Iraqi Stewed Shrimp


Click to enlarge

Click to enlarge

I decided to go ahead and post my pic of this dish, although it’s not particularly “photogenic”.  This is true of many Middle Eastern stewed dishes however.  But this entree delivers in flavor!  This curry-like dish is quite different from Indian curries.  The flavor of cloves in the Baharat spice, so unique to Arabic foods, is really quite nice with shrimp.

As written, this recipe is suitable for Induction.  If you have already reached the fruit rung of OWL, this is greatly enhanced served with a side of butter-seared, laterally sliced bananas.  In fact, this side dish is outstanding with ALL curry-type dishes, in my opinion.  For those not on a low-carb diet, this is usually served atop basmati rice, but low carbers can have it atop steamed cauliflower.  In some households, the cook will actually put the raw, rinsed rice directly into the stew broth the last half of cooking time (omitting the thickening, of course), making it more like an Indian Biryani dish, where the stock is absorbed totally by the rice as it cooks.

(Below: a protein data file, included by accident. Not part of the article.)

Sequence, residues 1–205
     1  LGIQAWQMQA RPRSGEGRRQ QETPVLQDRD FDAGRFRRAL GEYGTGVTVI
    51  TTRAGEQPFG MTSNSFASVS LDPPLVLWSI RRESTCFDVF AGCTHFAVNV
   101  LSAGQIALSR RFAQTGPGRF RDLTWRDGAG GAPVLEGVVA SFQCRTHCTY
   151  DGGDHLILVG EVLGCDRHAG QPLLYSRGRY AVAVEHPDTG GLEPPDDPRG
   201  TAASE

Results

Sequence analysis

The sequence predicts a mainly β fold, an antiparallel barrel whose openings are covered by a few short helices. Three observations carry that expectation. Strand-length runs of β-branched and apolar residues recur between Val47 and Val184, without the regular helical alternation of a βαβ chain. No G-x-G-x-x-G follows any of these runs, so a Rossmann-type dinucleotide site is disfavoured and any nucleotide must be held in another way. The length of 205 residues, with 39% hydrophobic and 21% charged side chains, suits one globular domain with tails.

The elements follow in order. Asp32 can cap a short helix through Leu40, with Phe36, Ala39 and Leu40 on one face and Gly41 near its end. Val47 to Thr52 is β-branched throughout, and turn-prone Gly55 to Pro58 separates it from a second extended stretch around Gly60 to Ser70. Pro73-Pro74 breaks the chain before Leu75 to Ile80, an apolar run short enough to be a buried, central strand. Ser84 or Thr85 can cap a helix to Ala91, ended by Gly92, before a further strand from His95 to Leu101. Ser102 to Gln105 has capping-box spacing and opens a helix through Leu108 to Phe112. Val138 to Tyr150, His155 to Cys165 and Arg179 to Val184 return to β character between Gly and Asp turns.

2 lb. shrimp, peeled and deveined

4 T. butter, melted (I use unsalted)

4 cloves garlic, minced

4 oz. onion, sliced

3 Roma tomatoes, quartered

¼ c. each parsley and cilantro, chopped

1 tsp. turmeric

Dash each black and cayenne pepper

1½ c. water (or mixture of water and seafood stock if available)

1 T. Iraqi Spice Blend (Baharat):

about ¼ tsp. xanthan gum or guar gum

12 oz. zucchini or calaba squash, cut into 1″ chunks (unpeeled eggplant is a great substitute here)

DIRECTIONS: Peel shrimp and set aside.  Melt butter in large stew pot.  I use a large non-stick oven-proof wok for such dishes.   Add onion and cook over high heat until lightly browned. Add spices and saute 1 minute so the spices release their aroma.  Add parsley, cilantro, tomatoes and water/stock.  If using cubed squash add now, along with  water/stock and stir well.  Once the stew reaches a boil, lower heat and cover.  Simmer about 60 minutes total, when squash should be fully done and the flavors will have blended nicely.  If using eggplant, add about 20 minutes before stew is done cooking so it won’t completely fall apart.  Lightly dust a bit of the xanthan gum over the surface and slowly stir in, allowing the sauce to “set up” between dustings, as you don’t want this to get too thick.

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